It's not even 9:30.

We find out the compere's called Peter Zegveld; now he's coming on like Kurt Schwitters singing a popular Aria. I know this all may sound a teensy bit mad but it's happening in front of us. We're saved by that Jazz odd couple, Han Bennink and Peter Brötzmann; playing their white hot, hip-shaking free jazz. Old gits with sky high attitudes; out punking the punks; Brötzmann walking onstage with overcoat and plastic bag, a mix of Eric Morecambe and Eric von Ludendorff... Han Bennink, not to be upstaged, uses of one of his feet as an extra drum stick. In fact, Bennink's a Rocker. His extraordinarily voluminous, shapeless, trousers are a thing of wonder.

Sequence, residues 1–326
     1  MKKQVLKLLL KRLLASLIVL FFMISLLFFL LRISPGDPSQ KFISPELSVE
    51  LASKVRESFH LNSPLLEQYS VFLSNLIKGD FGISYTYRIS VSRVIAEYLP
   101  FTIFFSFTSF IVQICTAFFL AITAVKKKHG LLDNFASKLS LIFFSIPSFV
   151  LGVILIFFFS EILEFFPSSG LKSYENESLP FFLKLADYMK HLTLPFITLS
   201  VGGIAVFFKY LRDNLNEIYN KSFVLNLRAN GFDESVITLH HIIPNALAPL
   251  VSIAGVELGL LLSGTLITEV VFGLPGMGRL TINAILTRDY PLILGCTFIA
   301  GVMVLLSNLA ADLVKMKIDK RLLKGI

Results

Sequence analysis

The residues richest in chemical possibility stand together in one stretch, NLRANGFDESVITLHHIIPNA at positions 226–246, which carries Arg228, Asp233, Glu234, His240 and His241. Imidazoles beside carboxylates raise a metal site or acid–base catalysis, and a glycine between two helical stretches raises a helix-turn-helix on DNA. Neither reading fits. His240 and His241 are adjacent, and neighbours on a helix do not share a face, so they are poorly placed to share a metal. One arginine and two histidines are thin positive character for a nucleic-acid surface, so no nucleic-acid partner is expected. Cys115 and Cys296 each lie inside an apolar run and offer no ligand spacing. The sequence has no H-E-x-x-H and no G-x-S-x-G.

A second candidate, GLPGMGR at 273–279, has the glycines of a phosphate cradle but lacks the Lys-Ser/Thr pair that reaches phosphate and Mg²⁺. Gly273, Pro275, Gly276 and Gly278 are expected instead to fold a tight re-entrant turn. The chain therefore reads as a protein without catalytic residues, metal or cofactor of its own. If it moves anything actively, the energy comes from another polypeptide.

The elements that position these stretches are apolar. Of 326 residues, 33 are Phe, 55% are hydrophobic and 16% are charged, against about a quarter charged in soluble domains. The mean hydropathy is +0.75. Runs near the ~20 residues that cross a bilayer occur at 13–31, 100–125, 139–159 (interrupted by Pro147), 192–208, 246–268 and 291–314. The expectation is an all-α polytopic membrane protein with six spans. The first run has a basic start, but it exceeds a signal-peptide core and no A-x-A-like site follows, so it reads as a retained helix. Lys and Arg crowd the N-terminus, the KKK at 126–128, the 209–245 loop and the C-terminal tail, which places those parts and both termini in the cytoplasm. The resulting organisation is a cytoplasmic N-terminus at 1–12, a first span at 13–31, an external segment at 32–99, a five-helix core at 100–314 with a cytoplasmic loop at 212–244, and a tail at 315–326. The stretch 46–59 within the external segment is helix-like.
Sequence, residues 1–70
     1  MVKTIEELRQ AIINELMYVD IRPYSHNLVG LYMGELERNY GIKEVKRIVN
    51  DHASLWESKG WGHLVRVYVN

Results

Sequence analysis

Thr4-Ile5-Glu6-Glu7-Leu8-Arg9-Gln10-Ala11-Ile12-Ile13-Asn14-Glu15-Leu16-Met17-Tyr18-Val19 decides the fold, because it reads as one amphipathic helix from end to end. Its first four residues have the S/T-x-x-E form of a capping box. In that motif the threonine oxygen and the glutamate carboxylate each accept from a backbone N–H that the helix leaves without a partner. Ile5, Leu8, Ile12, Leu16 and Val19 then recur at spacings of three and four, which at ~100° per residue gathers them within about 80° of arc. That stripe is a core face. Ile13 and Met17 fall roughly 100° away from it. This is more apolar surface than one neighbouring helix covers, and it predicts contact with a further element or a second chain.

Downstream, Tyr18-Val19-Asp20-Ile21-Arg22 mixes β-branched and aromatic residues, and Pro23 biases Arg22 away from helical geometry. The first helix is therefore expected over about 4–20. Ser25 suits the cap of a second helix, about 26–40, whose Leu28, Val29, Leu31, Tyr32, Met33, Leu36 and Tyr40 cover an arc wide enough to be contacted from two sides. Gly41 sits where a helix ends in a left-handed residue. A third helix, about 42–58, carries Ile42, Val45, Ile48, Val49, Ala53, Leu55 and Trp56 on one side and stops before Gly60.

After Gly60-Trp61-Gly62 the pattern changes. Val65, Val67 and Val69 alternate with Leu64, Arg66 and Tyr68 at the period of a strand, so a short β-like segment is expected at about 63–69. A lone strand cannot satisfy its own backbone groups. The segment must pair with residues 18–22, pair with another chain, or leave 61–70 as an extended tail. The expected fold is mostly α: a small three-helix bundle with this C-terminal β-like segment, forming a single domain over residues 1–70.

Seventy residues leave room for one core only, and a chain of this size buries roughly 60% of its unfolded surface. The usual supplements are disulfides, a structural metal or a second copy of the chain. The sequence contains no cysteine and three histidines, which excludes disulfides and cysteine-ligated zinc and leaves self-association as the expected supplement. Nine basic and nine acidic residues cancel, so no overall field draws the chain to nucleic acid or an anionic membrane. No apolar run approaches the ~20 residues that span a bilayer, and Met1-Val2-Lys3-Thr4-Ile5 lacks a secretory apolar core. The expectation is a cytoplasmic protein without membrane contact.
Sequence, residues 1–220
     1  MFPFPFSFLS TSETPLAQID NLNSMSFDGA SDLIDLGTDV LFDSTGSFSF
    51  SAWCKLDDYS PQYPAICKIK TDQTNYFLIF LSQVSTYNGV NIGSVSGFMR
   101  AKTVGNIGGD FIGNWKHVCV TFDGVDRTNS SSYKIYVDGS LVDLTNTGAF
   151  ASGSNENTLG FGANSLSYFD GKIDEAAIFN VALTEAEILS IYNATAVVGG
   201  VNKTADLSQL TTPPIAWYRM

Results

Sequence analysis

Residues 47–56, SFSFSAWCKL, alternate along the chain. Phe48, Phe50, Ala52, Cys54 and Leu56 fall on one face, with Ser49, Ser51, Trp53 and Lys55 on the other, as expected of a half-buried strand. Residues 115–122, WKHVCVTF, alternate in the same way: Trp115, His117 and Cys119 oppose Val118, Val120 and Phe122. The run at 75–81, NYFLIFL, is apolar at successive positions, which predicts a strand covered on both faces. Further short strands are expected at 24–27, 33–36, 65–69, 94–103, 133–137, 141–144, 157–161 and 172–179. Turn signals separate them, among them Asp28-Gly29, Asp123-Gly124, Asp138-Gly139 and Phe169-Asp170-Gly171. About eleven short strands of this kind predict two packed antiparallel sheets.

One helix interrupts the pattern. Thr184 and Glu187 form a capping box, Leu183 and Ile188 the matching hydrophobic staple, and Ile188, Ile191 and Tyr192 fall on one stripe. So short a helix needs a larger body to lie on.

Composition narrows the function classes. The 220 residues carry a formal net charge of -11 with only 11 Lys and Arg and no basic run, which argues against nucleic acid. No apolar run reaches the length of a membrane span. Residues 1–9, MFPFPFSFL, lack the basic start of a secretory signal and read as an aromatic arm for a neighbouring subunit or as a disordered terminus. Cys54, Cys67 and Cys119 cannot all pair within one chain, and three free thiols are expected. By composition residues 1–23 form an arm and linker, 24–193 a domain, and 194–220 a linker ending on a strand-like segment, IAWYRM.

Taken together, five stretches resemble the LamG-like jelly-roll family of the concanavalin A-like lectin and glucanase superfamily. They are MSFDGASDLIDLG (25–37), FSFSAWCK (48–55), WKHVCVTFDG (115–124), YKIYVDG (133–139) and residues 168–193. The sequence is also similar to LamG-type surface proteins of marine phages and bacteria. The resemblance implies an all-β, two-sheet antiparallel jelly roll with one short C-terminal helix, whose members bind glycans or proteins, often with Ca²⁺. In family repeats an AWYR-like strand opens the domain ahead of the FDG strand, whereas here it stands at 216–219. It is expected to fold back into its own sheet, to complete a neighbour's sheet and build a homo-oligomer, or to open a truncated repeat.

More madness from Peter Zegveld, and things feel more hysterical, unhinged... The grand old venue is expectant... We've got two gigs to go and we know that we're about to undertake something heavy. We're young Jötnar on the penitential road back to Asgard. First, Fendika. This Azmari “band” offers up a devotional and then begin to control the Paradiso in the way that is scary, shamanic. These existentialist urbanites around us don't know what's hitting them. Shaken up, spun round, entranced by the sensual promptings of the masenqo and the expressive percussion, we are rendered jelly; lost in the psychedelic eddies and counter currents of the melismatic vocals. Erm, hang on we're being told to go down on our knees en masse. We comply. We dance. Resistance? Impossible. This is wild celebration, and the stage dances are killer display of athleticism and happiness; some dance beautifully free, some a tad pervy, all revelatory. And get that male dancer, running round in a red tank top and lion's mane, (or Limahl wig, take your pick) whilst blasting out peal after peal on a hunting horn. What's going on?